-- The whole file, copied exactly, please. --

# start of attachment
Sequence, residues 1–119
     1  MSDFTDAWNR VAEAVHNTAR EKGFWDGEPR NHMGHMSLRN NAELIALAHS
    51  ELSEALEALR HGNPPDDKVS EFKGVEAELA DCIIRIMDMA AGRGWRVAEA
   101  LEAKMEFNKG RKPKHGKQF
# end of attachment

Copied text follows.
Sequence, residues 1–119
     1  MSDFTDAWNR VAEAVHNTAR EKGFWDGEPR NHMGHMSLRN NAELIALAHS
    51  ELSEALEALR HGNPPDDKVS EFKGVEAELA DCIIRIMDMA AGRGWRVAEA
   101  LEAKMEFNKG RKPKHGKQF